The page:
The gloomy sky is threatening rain, but Lodi-area winegrape growers are optimistic that this week's storm won't destroy the unpicked vines.
There's no doubt heavy rains are coming soon, said Brian Edwards, a meteorologist for AccuWeather, a private forecasting firm.
"Between Tuesday night and Wednesday morning, the area could receive up to an inch of rain," he said. "A lot will fall in a 12- to 16-hour window."
Despite the forecast, growers feel confident the storm won't be devastating.
"Our growers have been picking feverishly to get as much off the vines as possible before the storm," said Stuart Spencer, program manager for the Lodi Winegrape Commission. "The rains will drop the sugar content in the grapes, but they will bounce back."
The biggest concern is not the rain itself, but the days following the storm, he said. Growers are hoping for sunny days with stiff breezes to help dry out the clusters and prevent bunch-rot, a condition in which mildew grows in between the individual grapes.
The showers should taper off by Wednesday afternoon and steady winds are expected to follow, but the sunny weather won't return until Friday at the earliest, Edwards said.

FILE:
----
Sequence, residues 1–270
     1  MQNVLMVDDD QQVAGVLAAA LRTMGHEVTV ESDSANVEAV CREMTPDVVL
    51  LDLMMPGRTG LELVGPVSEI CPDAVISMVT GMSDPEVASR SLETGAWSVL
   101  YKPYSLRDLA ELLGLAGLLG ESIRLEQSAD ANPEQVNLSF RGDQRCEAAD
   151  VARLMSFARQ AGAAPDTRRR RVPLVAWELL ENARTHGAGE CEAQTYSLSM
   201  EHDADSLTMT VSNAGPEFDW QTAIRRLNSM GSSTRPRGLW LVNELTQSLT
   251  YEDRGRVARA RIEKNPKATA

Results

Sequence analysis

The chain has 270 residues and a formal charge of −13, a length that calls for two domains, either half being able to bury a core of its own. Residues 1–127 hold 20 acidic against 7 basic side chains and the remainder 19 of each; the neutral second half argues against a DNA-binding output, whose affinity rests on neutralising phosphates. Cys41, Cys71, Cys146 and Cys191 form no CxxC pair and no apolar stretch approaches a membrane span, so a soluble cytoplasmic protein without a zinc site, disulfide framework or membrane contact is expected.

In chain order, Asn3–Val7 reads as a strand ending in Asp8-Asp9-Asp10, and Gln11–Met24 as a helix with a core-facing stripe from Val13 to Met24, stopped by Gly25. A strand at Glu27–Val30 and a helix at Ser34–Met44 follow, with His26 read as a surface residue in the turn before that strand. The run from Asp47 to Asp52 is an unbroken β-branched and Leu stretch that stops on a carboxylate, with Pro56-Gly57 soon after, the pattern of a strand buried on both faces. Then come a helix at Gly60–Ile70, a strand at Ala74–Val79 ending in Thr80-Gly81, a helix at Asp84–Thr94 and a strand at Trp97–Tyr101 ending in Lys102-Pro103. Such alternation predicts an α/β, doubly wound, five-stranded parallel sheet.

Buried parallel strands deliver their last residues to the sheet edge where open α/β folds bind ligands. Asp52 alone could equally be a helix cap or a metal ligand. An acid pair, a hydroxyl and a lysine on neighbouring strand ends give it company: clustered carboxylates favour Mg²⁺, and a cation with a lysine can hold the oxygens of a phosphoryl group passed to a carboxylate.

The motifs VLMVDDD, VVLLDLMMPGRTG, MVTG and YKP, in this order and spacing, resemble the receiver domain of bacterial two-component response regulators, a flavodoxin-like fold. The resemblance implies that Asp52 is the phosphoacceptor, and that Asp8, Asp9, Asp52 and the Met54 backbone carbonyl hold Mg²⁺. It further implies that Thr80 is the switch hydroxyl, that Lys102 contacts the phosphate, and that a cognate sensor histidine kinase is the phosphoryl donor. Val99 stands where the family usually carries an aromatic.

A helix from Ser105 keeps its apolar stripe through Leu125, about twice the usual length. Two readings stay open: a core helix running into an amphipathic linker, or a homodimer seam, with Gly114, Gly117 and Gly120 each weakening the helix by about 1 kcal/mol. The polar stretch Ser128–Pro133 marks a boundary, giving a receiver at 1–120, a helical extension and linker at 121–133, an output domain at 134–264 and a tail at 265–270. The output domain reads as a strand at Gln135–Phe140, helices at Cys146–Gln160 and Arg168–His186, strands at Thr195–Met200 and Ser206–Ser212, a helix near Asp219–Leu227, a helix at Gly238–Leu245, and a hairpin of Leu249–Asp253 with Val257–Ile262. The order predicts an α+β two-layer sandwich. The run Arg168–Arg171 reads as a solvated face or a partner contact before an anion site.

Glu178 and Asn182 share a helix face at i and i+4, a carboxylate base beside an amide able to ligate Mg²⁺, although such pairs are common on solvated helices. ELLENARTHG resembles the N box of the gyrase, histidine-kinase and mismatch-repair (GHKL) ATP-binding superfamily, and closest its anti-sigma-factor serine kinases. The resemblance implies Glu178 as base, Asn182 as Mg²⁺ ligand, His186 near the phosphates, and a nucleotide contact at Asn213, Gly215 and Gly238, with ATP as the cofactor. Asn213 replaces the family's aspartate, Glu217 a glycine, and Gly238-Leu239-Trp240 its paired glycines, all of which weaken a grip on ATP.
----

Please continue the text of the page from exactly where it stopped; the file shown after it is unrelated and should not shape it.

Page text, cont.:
The rain could be the most damaging to grapes with thin skins and tight clusters, like zinfandel and petite syrah, said Ed VanDiemen, president of Lodi Grape Growers Association.
"We aren't so worried about the cabernets and merlots," he said. "They are a tougher grape."
Earlier in the growing season, farmers will dust their vines with sulfur spray to prevent mildew from growing on the budding grapes. But now it's too late in the season for sulfur and growers are at the mercy of Mother Nature, Spencer said.
Although cherry farmers will often have helicopters fly over orchards to blow-dry the crop, such an option isn't regularly employed by grape growers, he said.
"How farmers weather this storm is largely based on what they've done prior to it," Spencer said.
Based on remarks made by growers, Spencer said he believes this year's harvest will be equal to or smaller than last year's crush of 525,000 tons. The harvest still has about a month left, he said.
"Hopefully things cooperate," he said.
Contact reporter Jordan Guinn at email@example.com.